When it comes to getting paid for construction materials, suppliers need all the help they can get. Since they are often at the bottom of the payment chain, it can often take months to get paid. Of course, construction businesses have a variety of tools, like a mechanics lien, to secure payment. But it’s always best to have as many avenues open as possible to collect payment. The Uniform Commercial Code gives suppliers and some contractors an often underused tool to help recover unpaid funds: the UCC lien.
Let’s look at what UCC liens are, how they’re used in construction, and the process for filing one.
What is a UCC lien?
A UCC lien protect sellers of goods from nonpayment by providing a security interest in a borrower’s personal property. If the borrower fails to pay, the seller has the right to repossess the property listed as collateral in the filing.
The Uniform Commercial Code (UCC) is a set of rules that governs national commercial transactions and has been adopted for use by most states. The good thing about it is it’s universal throughout the country, so the forms and regulations are consistent — unlike mechanics lien laws.
Liens are covered under Article 9 of the UCC, allowing material suppliers to attach a lien to a piece of property, usually (but not necessarily) the goods that are being sold, similar to a mechanics lien.
The document that is filed is often called a UCC filing, UCC-1 statement, UCC lien, or a UCC financing statement. Whatever it’s called, the document and the filing process are the same no matter what state you’re in.
Using the UCC to get paid in construction
UCC liens are generally used by material suppliers to guarantee payment when they’re providing credit to their customers. The protection provided by a UCC filing is for goods purchased, but it may apply to contractors as well, depending on the type of work being provided. If the majority of the contractor’s contract is for supplying materials with only a small amount or incidental labor, then a UCC filing may apply. If the majority of the contract is for installation and other labor, then a UCC lien may not be an option (but you still have a mechanics lien to back you up).
UCC liens can be used as backup security if a customer doesn’t meet a company’s credit requirements. They allow the customer to provide collateral to secure financing.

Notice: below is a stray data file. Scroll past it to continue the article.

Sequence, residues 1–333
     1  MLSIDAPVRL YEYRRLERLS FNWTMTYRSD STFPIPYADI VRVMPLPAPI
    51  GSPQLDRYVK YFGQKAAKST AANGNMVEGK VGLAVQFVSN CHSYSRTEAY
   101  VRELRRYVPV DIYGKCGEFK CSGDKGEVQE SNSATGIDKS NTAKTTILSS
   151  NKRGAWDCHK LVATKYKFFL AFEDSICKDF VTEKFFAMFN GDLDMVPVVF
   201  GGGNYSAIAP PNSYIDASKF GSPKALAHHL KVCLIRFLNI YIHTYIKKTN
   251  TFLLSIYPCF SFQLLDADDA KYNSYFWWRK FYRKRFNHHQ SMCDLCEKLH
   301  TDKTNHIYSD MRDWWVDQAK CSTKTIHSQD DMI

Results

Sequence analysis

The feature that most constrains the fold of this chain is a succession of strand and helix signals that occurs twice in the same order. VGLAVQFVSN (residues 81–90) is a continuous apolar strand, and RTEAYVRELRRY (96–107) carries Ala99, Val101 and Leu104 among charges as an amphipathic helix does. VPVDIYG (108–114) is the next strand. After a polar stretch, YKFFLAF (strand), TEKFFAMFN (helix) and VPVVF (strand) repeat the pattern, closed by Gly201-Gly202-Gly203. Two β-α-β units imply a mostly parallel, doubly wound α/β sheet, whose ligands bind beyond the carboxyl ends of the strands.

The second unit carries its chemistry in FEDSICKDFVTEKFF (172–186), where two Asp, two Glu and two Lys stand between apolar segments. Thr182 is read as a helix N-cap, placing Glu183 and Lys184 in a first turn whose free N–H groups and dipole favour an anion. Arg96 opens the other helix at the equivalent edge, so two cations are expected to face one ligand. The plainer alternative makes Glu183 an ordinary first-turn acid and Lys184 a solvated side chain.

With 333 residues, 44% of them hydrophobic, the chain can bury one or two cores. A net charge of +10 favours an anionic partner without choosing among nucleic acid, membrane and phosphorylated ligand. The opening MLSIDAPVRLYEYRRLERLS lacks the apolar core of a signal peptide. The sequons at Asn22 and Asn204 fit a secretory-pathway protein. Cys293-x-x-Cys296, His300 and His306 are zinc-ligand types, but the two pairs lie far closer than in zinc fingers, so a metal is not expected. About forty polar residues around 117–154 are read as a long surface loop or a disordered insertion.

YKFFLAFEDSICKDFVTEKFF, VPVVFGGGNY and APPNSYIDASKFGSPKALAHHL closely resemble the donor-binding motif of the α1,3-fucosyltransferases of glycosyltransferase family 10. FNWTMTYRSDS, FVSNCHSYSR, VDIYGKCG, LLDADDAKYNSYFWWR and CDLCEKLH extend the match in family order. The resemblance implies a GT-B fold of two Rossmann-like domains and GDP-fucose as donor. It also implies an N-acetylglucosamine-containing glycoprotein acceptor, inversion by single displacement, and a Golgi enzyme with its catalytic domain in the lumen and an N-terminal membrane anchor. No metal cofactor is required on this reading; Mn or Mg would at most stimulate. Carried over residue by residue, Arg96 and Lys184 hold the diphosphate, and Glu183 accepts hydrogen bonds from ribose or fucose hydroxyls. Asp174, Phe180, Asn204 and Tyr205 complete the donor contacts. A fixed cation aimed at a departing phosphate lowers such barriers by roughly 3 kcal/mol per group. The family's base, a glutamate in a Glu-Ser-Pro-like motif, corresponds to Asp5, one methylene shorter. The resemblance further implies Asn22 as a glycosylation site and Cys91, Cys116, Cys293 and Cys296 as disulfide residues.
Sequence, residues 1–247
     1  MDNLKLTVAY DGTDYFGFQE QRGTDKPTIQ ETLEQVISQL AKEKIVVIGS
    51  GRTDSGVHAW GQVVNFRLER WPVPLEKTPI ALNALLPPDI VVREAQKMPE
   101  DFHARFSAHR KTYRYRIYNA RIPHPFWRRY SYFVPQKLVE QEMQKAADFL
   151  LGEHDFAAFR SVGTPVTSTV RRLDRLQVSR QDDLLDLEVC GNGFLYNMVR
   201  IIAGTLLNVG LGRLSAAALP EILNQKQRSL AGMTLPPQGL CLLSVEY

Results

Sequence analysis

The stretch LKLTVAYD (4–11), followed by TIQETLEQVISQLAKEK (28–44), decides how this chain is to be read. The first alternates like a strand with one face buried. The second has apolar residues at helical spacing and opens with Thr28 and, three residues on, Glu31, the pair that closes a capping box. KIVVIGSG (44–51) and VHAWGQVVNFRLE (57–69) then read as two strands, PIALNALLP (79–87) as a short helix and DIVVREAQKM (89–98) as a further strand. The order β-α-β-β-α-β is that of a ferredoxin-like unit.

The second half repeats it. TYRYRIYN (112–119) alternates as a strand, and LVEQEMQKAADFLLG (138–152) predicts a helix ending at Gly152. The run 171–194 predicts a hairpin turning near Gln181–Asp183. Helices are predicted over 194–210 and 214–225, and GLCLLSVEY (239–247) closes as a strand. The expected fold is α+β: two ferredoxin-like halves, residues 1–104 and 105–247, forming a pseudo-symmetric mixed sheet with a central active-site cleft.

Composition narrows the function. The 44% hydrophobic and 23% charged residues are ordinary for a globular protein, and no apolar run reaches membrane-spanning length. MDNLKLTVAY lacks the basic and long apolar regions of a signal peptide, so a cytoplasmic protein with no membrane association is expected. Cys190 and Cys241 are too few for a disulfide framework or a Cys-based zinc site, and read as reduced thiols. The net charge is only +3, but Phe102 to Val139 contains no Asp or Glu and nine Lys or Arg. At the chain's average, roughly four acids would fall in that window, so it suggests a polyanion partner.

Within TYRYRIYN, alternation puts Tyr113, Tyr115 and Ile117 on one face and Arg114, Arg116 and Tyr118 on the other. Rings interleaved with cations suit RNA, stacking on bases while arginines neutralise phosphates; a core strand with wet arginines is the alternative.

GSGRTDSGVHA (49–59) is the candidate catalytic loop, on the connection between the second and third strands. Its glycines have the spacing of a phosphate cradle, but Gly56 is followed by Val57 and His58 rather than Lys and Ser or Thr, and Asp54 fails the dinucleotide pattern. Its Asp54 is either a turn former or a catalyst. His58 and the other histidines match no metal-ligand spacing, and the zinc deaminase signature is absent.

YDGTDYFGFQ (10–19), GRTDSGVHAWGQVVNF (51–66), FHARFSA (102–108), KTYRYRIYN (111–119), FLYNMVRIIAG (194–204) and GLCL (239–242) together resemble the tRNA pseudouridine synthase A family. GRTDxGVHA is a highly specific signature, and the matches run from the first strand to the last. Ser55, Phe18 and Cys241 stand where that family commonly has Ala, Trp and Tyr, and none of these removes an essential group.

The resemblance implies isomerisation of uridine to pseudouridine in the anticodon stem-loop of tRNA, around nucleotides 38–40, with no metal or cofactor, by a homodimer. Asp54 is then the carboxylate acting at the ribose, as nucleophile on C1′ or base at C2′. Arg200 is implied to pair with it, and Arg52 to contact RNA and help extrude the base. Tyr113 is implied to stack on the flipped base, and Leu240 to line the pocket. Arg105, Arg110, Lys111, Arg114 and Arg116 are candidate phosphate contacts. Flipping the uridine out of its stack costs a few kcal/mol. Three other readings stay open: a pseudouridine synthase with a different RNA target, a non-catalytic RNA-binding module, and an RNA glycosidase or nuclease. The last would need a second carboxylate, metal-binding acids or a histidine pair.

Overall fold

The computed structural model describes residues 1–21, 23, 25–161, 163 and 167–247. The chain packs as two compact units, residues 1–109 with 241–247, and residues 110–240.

These liens can also be used in conjunction with mechanics liens to help protect payments to suppliers. They can also be used when mechanics lien rights don’t apply, such as in supplier-to-supplier transactions.
Note: Some contracts or purchase orders may qualify for both a mechanics lien and a UCC lien. UCC liens are usually applied to the material or equipment that’s being financed, but can be attached to other assets the customer owns as well.
While UCC liens, provide payment protection, they are generally not as powerful as mechanics liens.
Filing a UCC lien
At the time of the material purchase or order, a UCC financing statement or UCC-1 statement is completed by both the seller and the purchaser. Both parties agree to the security agreement that identifies the material or equipment being used as collateral. The statement says that the customer agrees to the payment terms and the supplier’s right to file a lien, called the security interest.
There are three parts to the UCC-1 financing statement:
- A description of the material or equipment being sold and the price
- The identification of the purchaser
- The identification of the seller
Again, this form is standardized, so it will look the same no matter where the purchase takes place. Download a blank UCC form here.
After the financing statement has been completed and signed by both the purchaser and the seller, it’s filed with the Secretary of State in the state where the purchaser resides, or where the purchasing company is incorporated.
A UCC lien remains attached to the business’s file for five years — unless it’s removed sooner. After five years, the seller can renew it if the financing terms are longer. UCC filings are a matter of public record and can be searched by anyone.
If the purchaser files for bankruptcy and the debt hasn’t been paid, the lien goes into effect, and the purchaser will get paid from the bankruptcy settlement. Otherwise, if the purchaser doesn’t get paid within the terms of the agreement, they would file a lawsuit to perfect or collect on the UCC lien. This process is similar to that of a mechanics lien.
Having a UCC lien on a company’s Secretary of State file is not as detrimental as having a mechanics lien. Since a UCC lien is filed before a company defaults on their payments, it isn’t considered as negative as a mechanics lien. However, banks and other financial institutions may not be as willing to loan money when they see others have a UCC lien ahead of them.
But, because UCC liens attach to specific assets of the company, there can be several liens filed at the same time. These liens will have priority over other liens — including mechanics liens — depending on when they were filed.
Use all the tools at your disposal to protect your payment rights
Unlike a mechanics lien, which is filed after payment has already been delayed, a UCC lien is filed at the time of the purchase. If the customer pays as per the terms of the agreement, the UCC lien either expires or is removed. If payment is not made, then the supplier can file a lawsuit to recover the funds they are out.
It’s important to know all the ways your company can protect its payment rights. While contractors have access to mechanics liens to enforce their right to be paid, suppliers and those that provide only incidental labor may not have the same rights. UCC liens provide a way for suppliers and contractors to ensure that they will be paid.